Part Two of The Current
The Great Animal Orchestra: Bernie Krause
When Bernie Krause was a young man, this was his dream gig. He joined the legendary folk group The Weavers in 1963. But it wasn't long before he left folk music behind for the nascent world of electronic music. By 1970, he and his collaborator, Paul Beaver, started incorporating the sounds of the natural world in songs such as Walking Green Algae Blues from the album In a Wild Sanctuary.
Bernie Krause eventually became more interested in the music of nature than his own compositions and started recording natural soundscapes, such as this one from Borneo.
Recording the sounds of nature soon became Bernie Krause's life's work. He has been one of the world's leading bioacoustic recorders for four decades, chronicling what he calls the biophony ... the great, unscored symphony of non-human life that buzzes, chirps, roars, clicks, rustles, croaks, trills and howls all around us if we're close enough -- and closely attuned enough -- to hear it.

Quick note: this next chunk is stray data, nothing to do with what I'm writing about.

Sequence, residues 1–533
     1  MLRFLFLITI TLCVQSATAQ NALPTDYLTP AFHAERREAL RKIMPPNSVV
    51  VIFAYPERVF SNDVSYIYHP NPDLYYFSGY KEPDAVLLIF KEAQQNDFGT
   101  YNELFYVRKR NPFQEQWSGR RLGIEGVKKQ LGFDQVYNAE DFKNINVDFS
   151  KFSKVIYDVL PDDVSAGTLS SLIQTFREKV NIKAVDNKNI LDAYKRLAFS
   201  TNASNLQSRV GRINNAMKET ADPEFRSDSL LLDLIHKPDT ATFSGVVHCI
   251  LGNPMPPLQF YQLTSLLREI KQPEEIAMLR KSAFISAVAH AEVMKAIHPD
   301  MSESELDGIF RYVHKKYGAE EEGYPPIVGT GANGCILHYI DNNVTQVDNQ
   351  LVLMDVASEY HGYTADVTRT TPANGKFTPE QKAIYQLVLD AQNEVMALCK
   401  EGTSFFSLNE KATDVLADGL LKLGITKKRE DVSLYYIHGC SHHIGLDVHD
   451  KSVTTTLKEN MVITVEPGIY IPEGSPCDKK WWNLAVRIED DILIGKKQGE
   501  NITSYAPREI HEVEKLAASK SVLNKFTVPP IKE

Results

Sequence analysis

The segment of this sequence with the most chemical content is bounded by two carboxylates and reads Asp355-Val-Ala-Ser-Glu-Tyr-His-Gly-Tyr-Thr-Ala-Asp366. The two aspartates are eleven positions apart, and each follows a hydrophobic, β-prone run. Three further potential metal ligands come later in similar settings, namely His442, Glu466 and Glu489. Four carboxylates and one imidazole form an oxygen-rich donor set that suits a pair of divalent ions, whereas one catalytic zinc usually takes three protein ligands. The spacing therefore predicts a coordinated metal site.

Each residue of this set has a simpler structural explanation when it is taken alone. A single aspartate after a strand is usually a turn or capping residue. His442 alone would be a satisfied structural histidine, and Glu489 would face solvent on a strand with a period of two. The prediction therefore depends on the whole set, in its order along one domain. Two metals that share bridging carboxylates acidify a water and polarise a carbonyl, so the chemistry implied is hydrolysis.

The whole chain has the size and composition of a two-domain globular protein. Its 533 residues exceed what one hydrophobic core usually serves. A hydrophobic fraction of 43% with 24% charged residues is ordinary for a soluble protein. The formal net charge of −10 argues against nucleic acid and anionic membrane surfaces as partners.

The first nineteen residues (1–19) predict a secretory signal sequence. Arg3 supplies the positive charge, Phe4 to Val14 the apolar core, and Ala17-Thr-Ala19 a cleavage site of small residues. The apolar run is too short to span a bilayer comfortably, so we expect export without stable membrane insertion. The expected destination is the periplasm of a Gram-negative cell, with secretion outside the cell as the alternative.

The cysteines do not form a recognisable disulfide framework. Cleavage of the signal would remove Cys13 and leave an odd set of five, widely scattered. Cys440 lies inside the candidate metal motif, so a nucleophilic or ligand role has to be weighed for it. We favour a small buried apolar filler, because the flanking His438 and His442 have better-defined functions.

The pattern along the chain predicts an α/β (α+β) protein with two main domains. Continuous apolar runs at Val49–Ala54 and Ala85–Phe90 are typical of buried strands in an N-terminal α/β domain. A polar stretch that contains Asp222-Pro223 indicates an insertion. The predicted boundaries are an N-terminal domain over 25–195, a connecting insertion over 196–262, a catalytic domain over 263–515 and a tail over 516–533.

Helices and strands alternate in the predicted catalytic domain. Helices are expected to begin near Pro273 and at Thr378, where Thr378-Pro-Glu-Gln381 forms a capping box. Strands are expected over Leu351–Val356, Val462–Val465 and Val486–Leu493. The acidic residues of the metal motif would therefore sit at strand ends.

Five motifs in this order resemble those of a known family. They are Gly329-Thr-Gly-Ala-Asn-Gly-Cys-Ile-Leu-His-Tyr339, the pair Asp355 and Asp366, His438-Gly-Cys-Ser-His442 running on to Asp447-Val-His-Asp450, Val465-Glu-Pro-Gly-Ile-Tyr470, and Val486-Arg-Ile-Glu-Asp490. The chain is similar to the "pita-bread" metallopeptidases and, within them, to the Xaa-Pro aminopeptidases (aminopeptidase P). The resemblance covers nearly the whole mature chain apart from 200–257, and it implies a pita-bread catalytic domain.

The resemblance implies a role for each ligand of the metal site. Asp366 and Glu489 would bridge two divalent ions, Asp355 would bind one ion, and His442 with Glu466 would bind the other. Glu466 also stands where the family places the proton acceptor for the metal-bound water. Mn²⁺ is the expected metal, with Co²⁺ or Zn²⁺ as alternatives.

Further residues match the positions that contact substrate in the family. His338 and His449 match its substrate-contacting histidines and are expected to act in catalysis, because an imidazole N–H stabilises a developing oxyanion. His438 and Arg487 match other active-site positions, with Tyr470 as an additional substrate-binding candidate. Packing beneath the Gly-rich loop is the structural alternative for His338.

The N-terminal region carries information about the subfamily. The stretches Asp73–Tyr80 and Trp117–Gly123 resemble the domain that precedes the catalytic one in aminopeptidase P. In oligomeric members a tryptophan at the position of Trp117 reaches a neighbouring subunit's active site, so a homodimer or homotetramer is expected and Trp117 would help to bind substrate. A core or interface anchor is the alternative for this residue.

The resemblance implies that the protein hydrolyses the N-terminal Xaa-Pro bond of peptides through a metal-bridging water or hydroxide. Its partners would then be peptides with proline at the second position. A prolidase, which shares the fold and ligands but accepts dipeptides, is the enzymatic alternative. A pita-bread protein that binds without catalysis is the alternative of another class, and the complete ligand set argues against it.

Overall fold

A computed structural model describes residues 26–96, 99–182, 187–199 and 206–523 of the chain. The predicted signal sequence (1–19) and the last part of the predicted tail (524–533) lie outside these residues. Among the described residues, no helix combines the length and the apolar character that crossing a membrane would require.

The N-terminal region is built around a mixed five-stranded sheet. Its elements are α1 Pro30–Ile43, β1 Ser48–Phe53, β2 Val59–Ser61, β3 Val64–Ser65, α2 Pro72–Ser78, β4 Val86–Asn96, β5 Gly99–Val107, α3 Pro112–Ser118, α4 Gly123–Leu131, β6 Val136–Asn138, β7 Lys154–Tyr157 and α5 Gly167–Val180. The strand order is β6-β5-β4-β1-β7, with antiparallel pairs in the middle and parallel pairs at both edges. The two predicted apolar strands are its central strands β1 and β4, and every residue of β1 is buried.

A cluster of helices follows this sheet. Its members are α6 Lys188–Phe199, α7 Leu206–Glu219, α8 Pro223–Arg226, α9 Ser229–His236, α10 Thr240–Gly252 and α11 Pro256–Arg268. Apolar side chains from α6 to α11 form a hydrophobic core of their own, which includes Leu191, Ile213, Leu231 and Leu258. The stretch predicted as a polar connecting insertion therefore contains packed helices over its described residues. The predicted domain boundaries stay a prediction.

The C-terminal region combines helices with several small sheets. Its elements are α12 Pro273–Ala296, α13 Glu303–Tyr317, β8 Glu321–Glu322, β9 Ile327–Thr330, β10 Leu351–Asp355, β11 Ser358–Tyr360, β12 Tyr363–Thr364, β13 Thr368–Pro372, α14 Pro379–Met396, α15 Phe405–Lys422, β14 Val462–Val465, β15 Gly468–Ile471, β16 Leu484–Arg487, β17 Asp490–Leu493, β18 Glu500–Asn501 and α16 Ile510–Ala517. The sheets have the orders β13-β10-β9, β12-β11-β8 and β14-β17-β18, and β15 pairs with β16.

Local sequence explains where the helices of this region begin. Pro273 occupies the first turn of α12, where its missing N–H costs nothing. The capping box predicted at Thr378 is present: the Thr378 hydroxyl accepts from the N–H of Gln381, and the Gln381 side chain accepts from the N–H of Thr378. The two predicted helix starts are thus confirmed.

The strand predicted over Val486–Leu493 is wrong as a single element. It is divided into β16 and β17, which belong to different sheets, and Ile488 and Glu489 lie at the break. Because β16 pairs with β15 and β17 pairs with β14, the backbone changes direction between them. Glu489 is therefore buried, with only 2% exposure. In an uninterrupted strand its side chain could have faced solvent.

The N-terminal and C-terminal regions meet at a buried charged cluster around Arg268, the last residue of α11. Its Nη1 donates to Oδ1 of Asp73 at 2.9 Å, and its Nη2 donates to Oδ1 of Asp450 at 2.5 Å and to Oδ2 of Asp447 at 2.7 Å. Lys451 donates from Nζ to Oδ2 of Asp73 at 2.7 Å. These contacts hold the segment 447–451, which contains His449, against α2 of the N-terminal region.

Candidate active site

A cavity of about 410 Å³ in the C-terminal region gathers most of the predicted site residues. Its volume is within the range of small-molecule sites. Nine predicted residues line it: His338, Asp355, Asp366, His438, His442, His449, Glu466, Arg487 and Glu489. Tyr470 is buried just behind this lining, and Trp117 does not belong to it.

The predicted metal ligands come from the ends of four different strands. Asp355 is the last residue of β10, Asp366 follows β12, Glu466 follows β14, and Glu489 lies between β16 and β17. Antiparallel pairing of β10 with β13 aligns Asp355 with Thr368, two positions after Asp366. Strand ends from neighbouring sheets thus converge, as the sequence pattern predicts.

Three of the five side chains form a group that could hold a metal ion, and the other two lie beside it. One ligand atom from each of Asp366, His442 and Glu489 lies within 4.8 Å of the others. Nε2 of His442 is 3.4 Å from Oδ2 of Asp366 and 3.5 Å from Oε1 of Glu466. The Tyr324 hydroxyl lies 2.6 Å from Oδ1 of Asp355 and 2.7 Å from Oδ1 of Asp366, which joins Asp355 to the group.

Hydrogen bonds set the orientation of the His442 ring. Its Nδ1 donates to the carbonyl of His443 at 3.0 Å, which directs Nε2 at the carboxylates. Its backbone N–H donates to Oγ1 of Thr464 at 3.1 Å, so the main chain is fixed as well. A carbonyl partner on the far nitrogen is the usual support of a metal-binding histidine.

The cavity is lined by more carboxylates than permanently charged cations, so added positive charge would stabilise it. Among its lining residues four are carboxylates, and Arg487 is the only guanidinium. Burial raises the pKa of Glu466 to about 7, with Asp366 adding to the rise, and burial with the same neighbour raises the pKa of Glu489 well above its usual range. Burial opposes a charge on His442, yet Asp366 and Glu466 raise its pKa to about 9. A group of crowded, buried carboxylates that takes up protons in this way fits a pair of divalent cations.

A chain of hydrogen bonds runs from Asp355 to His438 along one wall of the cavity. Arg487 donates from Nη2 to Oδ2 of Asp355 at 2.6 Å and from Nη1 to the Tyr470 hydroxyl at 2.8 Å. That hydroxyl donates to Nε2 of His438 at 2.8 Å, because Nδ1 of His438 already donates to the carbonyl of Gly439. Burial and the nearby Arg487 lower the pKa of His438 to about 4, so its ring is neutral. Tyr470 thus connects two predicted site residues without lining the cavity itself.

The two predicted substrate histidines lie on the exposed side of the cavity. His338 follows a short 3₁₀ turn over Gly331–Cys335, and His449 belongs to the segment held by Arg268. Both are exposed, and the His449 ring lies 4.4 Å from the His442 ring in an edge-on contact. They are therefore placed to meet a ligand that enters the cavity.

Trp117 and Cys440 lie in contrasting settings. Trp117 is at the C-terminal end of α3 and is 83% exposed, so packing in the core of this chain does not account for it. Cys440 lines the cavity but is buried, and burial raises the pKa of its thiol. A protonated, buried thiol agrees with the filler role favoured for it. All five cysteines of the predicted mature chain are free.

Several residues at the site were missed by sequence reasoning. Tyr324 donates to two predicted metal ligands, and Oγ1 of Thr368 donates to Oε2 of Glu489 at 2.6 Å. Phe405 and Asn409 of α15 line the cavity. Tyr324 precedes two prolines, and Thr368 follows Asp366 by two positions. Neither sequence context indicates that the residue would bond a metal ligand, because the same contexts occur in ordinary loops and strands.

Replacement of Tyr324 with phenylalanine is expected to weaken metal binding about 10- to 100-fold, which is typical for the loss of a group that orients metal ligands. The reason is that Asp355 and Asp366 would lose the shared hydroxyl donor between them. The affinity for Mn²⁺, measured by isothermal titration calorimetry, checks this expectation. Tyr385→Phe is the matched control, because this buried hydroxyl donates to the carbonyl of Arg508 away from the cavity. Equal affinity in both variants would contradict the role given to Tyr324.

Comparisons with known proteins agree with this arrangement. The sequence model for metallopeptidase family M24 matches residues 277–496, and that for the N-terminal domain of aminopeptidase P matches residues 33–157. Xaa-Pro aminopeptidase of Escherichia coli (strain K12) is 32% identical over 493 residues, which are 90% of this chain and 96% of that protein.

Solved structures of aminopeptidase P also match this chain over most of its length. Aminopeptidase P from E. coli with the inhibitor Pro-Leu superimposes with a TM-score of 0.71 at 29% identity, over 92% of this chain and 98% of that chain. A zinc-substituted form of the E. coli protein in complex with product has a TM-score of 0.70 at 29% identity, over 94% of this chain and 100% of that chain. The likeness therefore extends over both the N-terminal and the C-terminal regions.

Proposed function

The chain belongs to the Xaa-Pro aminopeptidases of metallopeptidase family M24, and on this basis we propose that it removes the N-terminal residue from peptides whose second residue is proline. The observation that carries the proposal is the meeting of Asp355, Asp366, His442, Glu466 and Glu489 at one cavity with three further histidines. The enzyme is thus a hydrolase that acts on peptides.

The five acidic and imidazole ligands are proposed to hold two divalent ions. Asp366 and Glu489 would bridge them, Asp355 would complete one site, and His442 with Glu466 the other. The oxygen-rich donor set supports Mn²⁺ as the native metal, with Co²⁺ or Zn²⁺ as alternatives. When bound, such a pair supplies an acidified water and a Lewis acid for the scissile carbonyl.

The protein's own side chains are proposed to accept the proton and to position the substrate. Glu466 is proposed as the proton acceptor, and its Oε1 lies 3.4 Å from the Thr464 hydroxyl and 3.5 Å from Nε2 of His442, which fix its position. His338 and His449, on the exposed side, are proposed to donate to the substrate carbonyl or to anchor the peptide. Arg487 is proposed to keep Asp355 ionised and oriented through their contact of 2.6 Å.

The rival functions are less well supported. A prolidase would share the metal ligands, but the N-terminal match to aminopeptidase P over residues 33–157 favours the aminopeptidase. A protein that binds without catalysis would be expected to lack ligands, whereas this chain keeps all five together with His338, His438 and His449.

Bernie Krause's new book is The Great Animal Orchestra: Finding the Origins of Music in the World's Wild Places. He was in Rohnert Park, California.
This segment was produced by The Current's Chris Wodskou.
Other segments from today's show: